Is your segmentation losing its mojo?

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Customer segmentation is a market research tool that divides a brand’s consumer base into different groups, with the goal of gaining a deeper understanding of different types of customers.

Although it’s a popular market research tool for many brands, it runs the risk of becoming irrelevant if it is not updated regularly to reflect constantly changing consumer attitudes and behaviours.

In this article we discuss the potential pitfalls of traditional customer segmentation, and explain why a new kind of dynamic, ‘living’ segmentation is key to remaining one step ahead in today’s always-on world.

Is your segmentation losing its mojo? Brand Speak Market Research

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What Is Customer Segmentation?

Customer segmentation is the process of using data to divide your consumer base into different groups. There are four main types of segmentation for B2C brands, which are:

·       Demographic: this segmentation model is based on commonly identifiable data such as age, sex and socio-economic status.

·       Geographical: a form of market segmentation based on location; continent, country, city, town, or urban versus rural locations.

·       Behavioural:  this model is based on how the customer interacts with the brand – for example, by visiting the store or website, making a purchase or consuming the product.

·       Attitudinal: a model based on what consumers think about the brands in question. It enables the organisation to target consumers based on what they think and feel.

The more sophisticated segmentation models will often take account of all of the above characteristics to provide a more insightful view of the customer base.

Although B2B market segmentation is less common, it is equally important for these types of companies to identify different customer groups. They may choose to segment customers or prospects by company size, company sector, company structure, purchasing habits, annual turnover, location and more.

What Is the Purpose of Market Segmentation?

A well-thought out customer segmentation model helps brands to better understand and target different types of consumers. For example, an airline may identify a consumer group of middle-aged professionals who are frequent fliers and are likely to appreciate fast-track boarding and a dedicated business lounge. A different consumer segment may be made up of budget travellers who only fly once per year and are looking for the best package deals.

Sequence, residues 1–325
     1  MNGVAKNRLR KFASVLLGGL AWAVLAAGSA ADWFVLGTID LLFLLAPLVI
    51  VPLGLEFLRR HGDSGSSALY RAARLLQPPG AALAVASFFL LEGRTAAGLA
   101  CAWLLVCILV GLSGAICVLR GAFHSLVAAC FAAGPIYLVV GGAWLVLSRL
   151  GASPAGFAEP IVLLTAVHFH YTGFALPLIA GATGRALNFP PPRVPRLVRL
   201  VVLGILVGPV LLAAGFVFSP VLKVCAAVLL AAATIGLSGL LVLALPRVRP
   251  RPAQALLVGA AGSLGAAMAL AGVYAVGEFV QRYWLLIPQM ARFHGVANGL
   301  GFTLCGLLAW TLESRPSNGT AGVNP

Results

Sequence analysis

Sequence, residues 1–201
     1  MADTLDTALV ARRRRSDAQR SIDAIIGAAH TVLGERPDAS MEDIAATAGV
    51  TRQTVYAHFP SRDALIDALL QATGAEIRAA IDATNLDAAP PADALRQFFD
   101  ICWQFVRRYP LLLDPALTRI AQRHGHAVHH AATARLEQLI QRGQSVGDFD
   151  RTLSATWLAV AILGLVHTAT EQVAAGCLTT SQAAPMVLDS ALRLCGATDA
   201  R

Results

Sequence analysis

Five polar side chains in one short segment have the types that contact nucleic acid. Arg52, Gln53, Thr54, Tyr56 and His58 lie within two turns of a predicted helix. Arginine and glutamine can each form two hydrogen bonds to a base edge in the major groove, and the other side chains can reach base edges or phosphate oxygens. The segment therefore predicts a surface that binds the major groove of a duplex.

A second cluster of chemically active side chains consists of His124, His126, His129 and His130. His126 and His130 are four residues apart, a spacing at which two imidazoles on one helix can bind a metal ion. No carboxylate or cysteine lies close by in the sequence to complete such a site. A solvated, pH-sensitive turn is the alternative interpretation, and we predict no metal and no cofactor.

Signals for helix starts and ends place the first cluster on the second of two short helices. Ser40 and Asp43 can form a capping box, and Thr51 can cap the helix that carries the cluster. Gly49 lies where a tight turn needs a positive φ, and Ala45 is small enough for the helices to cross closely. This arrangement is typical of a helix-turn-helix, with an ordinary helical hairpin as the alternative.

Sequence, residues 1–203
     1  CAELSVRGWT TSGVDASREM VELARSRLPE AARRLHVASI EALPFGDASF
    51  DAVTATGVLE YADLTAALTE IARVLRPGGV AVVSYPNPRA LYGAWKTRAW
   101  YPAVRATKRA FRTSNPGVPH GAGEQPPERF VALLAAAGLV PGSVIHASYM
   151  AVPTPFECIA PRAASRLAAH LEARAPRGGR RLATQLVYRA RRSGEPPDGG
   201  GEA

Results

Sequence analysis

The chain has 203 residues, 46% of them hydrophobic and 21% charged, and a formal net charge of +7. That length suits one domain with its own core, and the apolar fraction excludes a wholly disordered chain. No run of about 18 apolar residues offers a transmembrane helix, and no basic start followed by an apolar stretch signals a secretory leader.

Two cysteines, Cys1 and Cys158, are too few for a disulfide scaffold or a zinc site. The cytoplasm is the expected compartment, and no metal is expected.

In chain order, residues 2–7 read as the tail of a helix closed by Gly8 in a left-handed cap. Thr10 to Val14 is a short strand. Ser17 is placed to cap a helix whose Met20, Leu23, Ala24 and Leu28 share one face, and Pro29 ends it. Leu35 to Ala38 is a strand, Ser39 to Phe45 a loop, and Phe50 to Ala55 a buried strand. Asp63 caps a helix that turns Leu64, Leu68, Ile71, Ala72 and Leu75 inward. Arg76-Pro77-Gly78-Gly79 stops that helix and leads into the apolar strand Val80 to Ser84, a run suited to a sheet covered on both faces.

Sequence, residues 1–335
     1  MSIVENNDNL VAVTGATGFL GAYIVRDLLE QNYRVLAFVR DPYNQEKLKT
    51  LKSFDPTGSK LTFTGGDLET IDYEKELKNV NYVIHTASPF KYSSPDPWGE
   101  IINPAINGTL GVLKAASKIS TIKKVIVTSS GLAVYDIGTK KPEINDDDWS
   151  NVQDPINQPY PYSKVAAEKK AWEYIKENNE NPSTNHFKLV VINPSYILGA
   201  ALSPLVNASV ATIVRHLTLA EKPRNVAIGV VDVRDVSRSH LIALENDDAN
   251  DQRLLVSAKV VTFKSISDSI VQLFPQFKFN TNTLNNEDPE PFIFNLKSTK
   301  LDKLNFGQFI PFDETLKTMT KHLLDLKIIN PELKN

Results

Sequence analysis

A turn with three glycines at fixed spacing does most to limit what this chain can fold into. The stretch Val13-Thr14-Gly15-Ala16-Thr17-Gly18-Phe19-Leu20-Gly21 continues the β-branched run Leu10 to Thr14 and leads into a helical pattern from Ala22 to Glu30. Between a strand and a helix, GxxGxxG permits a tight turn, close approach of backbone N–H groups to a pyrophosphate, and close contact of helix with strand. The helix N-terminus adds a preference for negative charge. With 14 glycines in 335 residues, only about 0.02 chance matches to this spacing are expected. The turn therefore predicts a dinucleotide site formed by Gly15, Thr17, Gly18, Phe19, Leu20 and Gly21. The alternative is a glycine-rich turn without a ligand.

Once these different groups have been identified, brand owners can use this data to inform overall marketing strategy and development. They can also create campaign-specific media buying and messaging that is tailored to each consumer segment and use the most appropriate channels to reach them. 

How Is Customer Segmentation Carried Out?

Is your segmentation losing its mojo? Brand Speak Market Research

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Customer segmentation is best achieved with the help of a market research agency, who will begin by asking you what you already know about your consumer base. If necessary, the agency may carry out some initial qualitative research to identify the defining characteristics, needs and expectations, drivers and barriers of your key consumers.

Next the market research company will carry out a survey to analyse the relative importance of those individual insights, as well as identifying the demographic, geographic, behavioural and attitudinal data required to create detailed customer segments.

The Results: Customer Segment Personas and Golden Questions

Is your segmentation losing its mojo? Brand Speak Market Research

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Once the data has been analysed, brand owners will be presented with a number of different customer segment personas. These are a highly visual set of customer profiles that bring each segment to life and make it easy for brand owners and key stakeholders to understand the consumer types.

Customer segment personas can be presented in the form of pen portraits, cartoon videos or even by using actors to do segment skits. They are an effective method of presenting segmentation data in an accessible, engaging format that will resonate with key stakeholders.

At Brandspeak, we also provide brand owners with a short set of golden questions cherry-picked from the survey. These key questions allow brand owners to quickly identify which segment a new customer falls into, providing ongoing value after the completion of the segmentation research.

What Are the Potential Pitfalls of Traditional Customer Segmentation?

Is your segmentation losing its mojo? Brand Speak Market Research